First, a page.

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Directed by Wolfgang Petersen, 1981’s DAS BOOT ($36) is not only one of the best submarine movies ever made, it is also one of the best WWII movies ever made, as the film explores the human condition under the pressures of war and the pressures of long-term confinement. Opening in 1941, DAS BOOT tells the story of the German submarine U-96, which leaves France and heads off to join the war effort. The submarine is commanded by Captain Henrich Lehmann-Willenbrock (Jürgen Prochnow), who is cynical about the war, openly expresses his anti-Nazi sentiments and complains most of his crew are mere boys. Much of the Captain’s cynicism stems from having seen too much action and the fact that the tide has begun to turn against German in the Atlantic, with the British navy getting an upper hand against the dwindling number of U-boats. Tedium and confinement take their toll on the crew as they wait for orders, but eventually, they do engage British forces, with less than stellar results. Ultimately, the German command saddles the U-boat with seemingly impossible orders, but the captain and crew make the best of the hand they have been dealt. Although a riveting war movie, DAS BOOT is also an intense character study, which is made even more so by its two hundred nine minute long Director’s Cut, which Petersen pared down from six hours of material found in the television miniseries version of the production.

Sony Pictures Home Entertainment has made DAS BOOT available on Blu-ray Disc in a 1.85:1 aspect ratio presentation that has been encoded onto the disc with the AVC codec. Both the Director’s Cut and one hundred fifty minute Theatrical Version are presented on separate platters in this two disc set. Both 1080p presentations are solid representations early how eighties cinematography and film stocks should look in high definition. Additionally, I will have to say the Director’s Cut holds up well, despite being mastered onto a single disc. Jost Vacano’s Academy Award nominated cinematography looks quite good, with the slightly smoky grittiness of the submarine interiors adding to the film’s overall atmosphere. Never quite as sharp or highly polished as a new movie, DAS BOOT displays respectable levels of fine detail and texturing. Colors don’t have a high level of saturation but naturally convey the drab interiors of the submersible. Blacks and whites usually appear reasonably accurate. Contrast is smooth and shadow detail is all it needs to be. Grain appears throughout the course of the film and can be a heavy in places, but it gives the presentation a decidedly film-like quality.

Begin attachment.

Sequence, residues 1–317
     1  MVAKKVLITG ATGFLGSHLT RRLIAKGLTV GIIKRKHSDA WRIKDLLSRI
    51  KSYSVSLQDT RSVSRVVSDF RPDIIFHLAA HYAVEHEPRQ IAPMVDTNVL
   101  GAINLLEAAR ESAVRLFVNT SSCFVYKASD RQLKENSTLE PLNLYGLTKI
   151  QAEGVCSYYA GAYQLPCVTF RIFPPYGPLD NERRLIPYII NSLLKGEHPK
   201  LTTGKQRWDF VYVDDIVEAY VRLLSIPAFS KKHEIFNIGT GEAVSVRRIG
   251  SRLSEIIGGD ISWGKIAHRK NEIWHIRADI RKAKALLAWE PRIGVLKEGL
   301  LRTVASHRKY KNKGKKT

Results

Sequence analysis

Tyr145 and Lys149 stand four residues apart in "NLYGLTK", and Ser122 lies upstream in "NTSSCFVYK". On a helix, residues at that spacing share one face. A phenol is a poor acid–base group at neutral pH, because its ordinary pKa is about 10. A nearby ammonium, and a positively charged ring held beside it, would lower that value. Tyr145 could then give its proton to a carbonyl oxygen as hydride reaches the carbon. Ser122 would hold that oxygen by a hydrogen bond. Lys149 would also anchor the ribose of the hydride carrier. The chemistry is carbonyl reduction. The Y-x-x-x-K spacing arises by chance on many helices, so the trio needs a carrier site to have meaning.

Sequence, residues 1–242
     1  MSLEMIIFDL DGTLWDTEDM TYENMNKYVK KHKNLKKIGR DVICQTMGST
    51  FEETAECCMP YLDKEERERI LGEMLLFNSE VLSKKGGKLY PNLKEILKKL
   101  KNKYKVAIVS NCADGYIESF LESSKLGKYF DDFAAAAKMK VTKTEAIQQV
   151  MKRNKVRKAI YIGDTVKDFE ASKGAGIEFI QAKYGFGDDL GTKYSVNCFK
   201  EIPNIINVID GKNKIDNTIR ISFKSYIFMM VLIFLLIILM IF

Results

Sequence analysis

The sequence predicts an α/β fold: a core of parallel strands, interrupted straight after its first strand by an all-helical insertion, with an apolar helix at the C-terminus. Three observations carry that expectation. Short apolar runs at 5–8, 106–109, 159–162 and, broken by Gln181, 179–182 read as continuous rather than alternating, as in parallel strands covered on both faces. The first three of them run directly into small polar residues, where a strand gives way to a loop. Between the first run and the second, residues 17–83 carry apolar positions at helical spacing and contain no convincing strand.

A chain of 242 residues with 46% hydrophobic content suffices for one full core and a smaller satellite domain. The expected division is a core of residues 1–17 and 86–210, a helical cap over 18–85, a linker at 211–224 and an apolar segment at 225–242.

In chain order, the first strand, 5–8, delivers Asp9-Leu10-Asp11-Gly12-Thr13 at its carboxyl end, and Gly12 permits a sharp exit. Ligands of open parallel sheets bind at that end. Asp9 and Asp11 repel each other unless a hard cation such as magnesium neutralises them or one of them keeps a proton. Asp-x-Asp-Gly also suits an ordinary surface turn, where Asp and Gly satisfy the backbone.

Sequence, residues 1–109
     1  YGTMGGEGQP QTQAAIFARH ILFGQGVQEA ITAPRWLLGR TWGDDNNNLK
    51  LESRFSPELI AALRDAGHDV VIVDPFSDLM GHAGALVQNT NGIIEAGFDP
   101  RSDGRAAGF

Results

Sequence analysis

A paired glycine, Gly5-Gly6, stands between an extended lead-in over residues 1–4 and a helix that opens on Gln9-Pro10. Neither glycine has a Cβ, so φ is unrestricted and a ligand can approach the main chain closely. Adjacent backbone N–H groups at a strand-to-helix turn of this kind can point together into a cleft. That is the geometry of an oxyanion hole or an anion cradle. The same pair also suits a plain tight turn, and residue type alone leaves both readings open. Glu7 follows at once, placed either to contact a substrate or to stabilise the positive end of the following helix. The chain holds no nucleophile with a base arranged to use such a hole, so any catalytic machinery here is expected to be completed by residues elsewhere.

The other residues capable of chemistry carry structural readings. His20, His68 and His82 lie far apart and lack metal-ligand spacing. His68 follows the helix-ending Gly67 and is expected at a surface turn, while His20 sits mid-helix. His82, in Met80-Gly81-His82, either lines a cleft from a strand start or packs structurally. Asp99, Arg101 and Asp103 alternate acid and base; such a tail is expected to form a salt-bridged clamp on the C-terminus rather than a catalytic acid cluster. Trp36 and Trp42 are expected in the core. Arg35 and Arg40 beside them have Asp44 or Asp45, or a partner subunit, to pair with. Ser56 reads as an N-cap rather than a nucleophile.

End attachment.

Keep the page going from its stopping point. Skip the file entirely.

DAS BOOT is presented on Blu-ray Disc with German and English 5.1 channel DTS-HD Master Audio soundtrack on the Director’s Cut, while the Theatrical Version is 2.0 DTS-HD Master Audio. DAS BOOT is another film produced during the Dolby Surround era, so there are some limitations to the sound, despite a lossless encoded. The Director’s Cut features good sound effects placement, although isn’t as cohesive as a modern soundtrack. Surrounds are well implemented at key moments, but sound slightly dated. The lossless encode certainly boosts the fidelity of the soundtracks is negated by the way movies were recorded and mixed three decades ago. Some effects sound more than a bit canned and lack weight, but for the most part, the key set pieces are highly effective. The bass channel is decent enough, but doesn’t have a ground-shaking rumble one hears today. Dialogue is cleanly rendered. A French 5.1 Dolby Digital channel track is also present on the Director’s Cut. Subtitles are available in English, Arabic, Danish, Dutch, Finnish, French, Hindi, Norwegian and Swedish on the Director’s Cut and in English and French on the Theatrical Version.

Full motion video, animation and sound serve to enhance the disc's interactive menus. Through the menus, one has access to standard scene selection and set up features, as well as some supplements. Starting things off is a running Audio Commentary with director Wolfgang Petersen, actor Jürgen Prochnow and Producer Ortwin Freyermuth on the Director’s Cut. Featurettes and other programs include the following: Historic Material [Behind The Scenes (sixty minutes), The Battle Of The Atlantic (forty minutes)], The Perfect Boat- The Director's Cut (thirteen minutes), Maria's Take (nine minutes), Captain's Tour- Inside The Boat (eight minutes) and Wolfgang Petersen- Back to the Boat (forty four minutes).

DAS BOOT is one of the greatest war movies ever made because it depicts the ordinary men, who do all the fighting and dying wars. The Blu-ray presentation is pretty solid and looks just the way a movie from the early 1980s should look. Highly recommended.


Das Boot (Two-Disc Collector's Set) [Blu-ray] (1997)


DVD & Blu-ray Disc reviews are Copyright © 2011 THE CINEMA LASER and may not be copied or reprinted without the written consent of the publisher.
THE CINEMA LASER is written, edited and published by Derek M. Germano.



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